Food prices are soaring around the world. Long lines for rations of rice or wheat flour snake through cities and towns across Asia, Africa, the Caribbean and the Americas. Food protests have rocked Haiti, Egypt, Senegal, Bangladesh and the Philippines. A United Nations report last December listed Haiti and Bangladesh among 37 countries who face “food crises” and need external assistance to stave off mass starvation and famine. The capitalist “free market” economy has helped to create this crisis.
In India, where reportedly one-half of the world’s hungry reside, soaring prices are keeping food out of reach of the poor. The left parties, led by the 600,000-member Communist Party of India (CPI) and the almost 1 million-member Communist Party of India-Marxist (CPI-M), along with parties in the United National Progressive Alliance, are demanding that India’s government take immediate action to guarantee food security for the country. Those parties held mass protests last week, in which leaders were arrested in the capital, Delhi. They vowed to step up the demonstrations if no action was taken to halt the food price inflation, dubbed “agflation,” by April 23.
CPI-M General Secretary Prakash Karat warned that “an explosive situation will emerge if prices are not controlled.” CPI General Secretary A.B. Bardhan demanded that hoarding and financial speculation on food commodities be banned.
Food security was at the top of the two parties’ agendas at their congresses, held at the end of March and early April.
CPI-M leader and member of Parliament Brinda Karat urged her party’s congress to adopt a resolution calling for action on “price rise.”
“India has the largest undernourished population in the whole world,” she said. “Malnourishment has grown among women, children and men.”
She put the blame squarely on government policies that encourage privatization of the public food distribution sector and the growing influence of agribusiness.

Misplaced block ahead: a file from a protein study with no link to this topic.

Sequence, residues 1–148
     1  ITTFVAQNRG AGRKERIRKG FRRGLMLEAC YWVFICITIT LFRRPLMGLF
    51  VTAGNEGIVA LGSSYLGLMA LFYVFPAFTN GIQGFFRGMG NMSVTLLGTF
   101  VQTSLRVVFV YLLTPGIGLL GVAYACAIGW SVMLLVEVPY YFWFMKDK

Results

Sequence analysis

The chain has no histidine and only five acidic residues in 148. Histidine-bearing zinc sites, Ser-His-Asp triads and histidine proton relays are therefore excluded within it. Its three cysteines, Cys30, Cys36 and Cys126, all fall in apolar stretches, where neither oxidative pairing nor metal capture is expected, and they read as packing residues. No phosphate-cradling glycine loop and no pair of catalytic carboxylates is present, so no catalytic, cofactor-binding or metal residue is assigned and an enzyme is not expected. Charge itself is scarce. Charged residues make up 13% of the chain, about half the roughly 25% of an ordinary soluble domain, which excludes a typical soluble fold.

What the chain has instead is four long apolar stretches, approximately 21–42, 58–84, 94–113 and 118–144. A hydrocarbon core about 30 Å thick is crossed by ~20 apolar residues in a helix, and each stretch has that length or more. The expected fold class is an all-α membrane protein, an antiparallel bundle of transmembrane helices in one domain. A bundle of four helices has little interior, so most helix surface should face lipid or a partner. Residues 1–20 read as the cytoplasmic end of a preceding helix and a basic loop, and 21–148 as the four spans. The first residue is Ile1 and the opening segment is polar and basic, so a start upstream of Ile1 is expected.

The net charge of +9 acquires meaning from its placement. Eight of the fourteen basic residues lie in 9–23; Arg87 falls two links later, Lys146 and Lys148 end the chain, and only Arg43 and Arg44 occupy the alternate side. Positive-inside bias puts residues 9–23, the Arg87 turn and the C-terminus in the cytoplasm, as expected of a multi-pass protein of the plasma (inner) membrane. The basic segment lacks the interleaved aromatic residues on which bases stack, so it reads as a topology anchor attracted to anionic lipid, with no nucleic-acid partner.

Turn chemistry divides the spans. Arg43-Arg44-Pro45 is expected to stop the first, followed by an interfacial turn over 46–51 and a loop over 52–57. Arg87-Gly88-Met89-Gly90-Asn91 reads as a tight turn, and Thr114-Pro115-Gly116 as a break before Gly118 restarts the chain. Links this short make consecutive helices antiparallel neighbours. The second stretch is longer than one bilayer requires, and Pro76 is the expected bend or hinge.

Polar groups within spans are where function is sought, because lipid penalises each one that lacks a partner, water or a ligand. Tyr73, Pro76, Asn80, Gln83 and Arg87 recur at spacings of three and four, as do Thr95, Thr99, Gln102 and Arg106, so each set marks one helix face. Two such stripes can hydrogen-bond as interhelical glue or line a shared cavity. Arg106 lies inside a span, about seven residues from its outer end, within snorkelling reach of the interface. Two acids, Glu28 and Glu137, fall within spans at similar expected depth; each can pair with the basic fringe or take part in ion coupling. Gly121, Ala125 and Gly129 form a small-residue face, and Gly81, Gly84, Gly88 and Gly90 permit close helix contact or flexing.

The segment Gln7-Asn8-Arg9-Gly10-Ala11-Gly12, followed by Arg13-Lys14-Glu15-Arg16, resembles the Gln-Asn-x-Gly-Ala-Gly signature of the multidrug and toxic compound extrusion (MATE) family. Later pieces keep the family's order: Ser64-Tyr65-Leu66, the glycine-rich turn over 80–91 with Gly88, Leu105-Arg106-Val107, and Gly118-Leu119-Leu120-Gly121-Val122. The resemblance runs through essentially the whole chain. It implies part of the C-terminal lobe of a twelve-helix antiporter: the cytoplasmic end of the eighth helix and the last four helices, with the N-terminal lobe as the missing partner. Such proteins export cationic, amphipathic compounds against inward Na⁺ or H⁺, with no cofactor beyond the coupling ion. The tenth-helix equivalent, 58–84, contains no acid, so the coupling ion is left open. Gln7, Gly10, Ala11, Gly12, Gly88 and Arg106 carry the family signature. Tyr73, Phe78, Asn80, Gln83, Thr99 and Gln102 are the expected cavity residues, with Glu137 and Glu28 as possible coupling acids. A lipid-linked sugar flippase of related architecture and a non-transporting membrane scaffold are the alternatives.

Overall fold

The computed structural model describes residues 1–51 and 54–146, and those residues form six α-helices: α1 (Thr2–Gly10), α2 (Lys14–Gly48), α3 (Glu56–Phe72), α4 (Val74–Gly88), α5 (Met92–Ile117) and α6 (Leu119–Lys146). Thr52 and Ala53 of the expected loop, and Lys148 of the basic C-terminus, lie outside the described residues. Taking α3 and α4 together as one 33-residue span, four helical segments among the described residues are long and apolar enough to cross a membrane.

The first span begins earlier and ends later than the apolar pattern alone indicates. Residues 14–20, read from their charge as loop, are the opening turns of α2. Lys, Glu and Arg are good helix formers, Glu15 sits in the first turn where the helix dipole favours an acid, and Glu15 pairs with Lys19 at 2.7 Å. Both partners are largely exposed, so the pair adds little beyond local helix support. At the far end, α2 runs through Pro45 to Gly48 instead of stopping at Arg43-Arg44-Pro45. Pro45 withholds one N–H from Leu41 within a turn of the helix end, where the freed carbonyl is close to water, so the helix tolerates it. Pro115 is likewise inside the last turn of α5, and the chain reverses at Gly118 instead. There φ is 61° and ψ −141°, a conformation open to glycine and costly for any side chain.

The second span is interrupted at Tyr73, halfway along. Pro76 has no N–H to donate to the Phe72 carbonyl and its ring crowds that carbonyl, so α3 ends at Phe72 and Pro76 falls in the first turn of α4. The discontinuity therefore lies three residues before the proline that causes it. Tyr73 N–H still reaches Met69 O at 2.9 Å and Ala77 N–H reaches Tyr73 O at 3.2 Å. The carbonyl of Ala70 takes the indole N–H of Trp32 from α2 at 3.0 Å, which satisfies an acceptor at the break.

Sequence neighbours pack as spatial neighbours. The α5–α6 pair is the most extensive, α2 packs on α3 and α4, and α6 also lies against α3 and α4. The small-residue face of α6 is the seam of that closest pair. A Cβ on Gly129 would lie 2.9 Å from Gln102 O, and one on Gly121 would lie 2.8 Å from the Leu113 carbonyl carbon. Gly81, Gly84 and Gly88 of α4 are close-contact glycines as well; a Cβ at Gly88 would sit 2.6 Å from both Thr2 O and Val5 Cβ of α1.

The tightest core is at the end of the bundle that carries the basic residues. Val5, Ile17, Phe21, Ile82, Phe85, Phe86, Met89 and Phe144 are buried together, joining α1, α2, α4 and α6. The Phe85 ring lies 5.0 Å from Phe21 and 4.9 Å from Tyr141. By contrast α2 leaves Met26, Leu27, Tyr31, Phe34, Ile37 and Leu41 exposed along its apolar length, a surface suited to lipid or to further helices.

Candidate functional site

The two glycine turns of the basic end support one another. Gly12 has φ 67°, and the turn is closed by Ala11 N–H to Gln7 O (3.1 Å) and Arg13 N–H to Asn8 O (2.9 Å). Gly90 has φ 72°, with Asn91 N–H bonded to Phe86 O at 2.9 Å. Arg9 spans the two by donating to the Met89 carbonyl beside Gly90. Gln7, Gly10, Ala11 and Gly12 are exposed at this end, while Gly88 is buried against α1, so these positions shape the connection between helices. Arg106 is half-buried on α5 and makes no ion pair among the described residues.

Reasons frequently given for the global rise in food prices include soaring costs of oil needed in agriculture production; rising demand from growing economies like China, India and Brazil; and the push by U.S. agricultural corporations for biofuels made from corn and other grains. In many countries, deep agricultural crises — caused by such factors as massive debt burdens on small farmers, war and climate catastrophes — have reduced production. These have indeed been a factor in India’s food inflation, analysts say.
Yet economist C.P. Chandrasekhar puts the main blame elsewhere. Like Brinda Karat, Chandrasekhar argued in a recent column that “the government’s decision to allow private players, including large international firms [such as Cargill], a major role in domestic markets has created a curious situation,” contributing to price increases in commodities like grain, legumes, cooking oil and sugar. Widespread hoarding of food by these corporate entities to keep supply low and demand (and prices) high is a major obstacle to the government providing food for the people.
Financial speculation on agriculture commodities also looms large in both India’s and global agflation. In a recent New York Times column, economist Paul Krugman mentions financial speculation as one of three “theories” about what’s causing the food price spikes. But he dismisses it, and focuses on the other two: heavy demand by China and other rising nations, and the end of “the era of cheap resources” — “we’re running out of oil, running out of land to expand food production and generally running out of planet to exploit,” he says.
While not discounting those factors, progressive economists and the left in India are not so quick to dismiss the massive capital that has poured into speculating on India’s agricultural commodities market. And the spreading financial meltdown in the U.S. is spurring investment capital to increase its pursuit of profit-making “greener pastures” in countries like India.
Chandrasekhar says that, while it is still necessary to “ascertain” the extent to which speculation has contributed to India’s recent food price rises, “fat and rising” profit margins of monopoly corporations, and “retailers and speculation in futures markets are seen by many to be playing a role.”
Chandrasekhar cites The Economist and the UN’s Food and Agricultural Organization as recognizing the marked increase in food speculation. The Economist reported in September 2007, “Trading in agricultural futures, once a backwater, has boomed in recent years. In addition to agribusinesses, more institutional investors — ranging from hedge funds to pension funds — are investing. Last year nearly $3 trillion in grain futures was traded on the Chicago Board of Trade, the world’s largest such market.”
Agricultural futures means “betting” on the future prices of food and capitalists making a profit if they “buy” wheat at $4 a bushel and the price goes up to $9.00 a bushel.
The left and its allies in India are demanding a ban on futures trading in 25 agricultural commodities, strengthening of India’s public food distribution system and stringent action against hoarding.
It’s clear, they say, that the private sector is interested in profit, not feeding the people.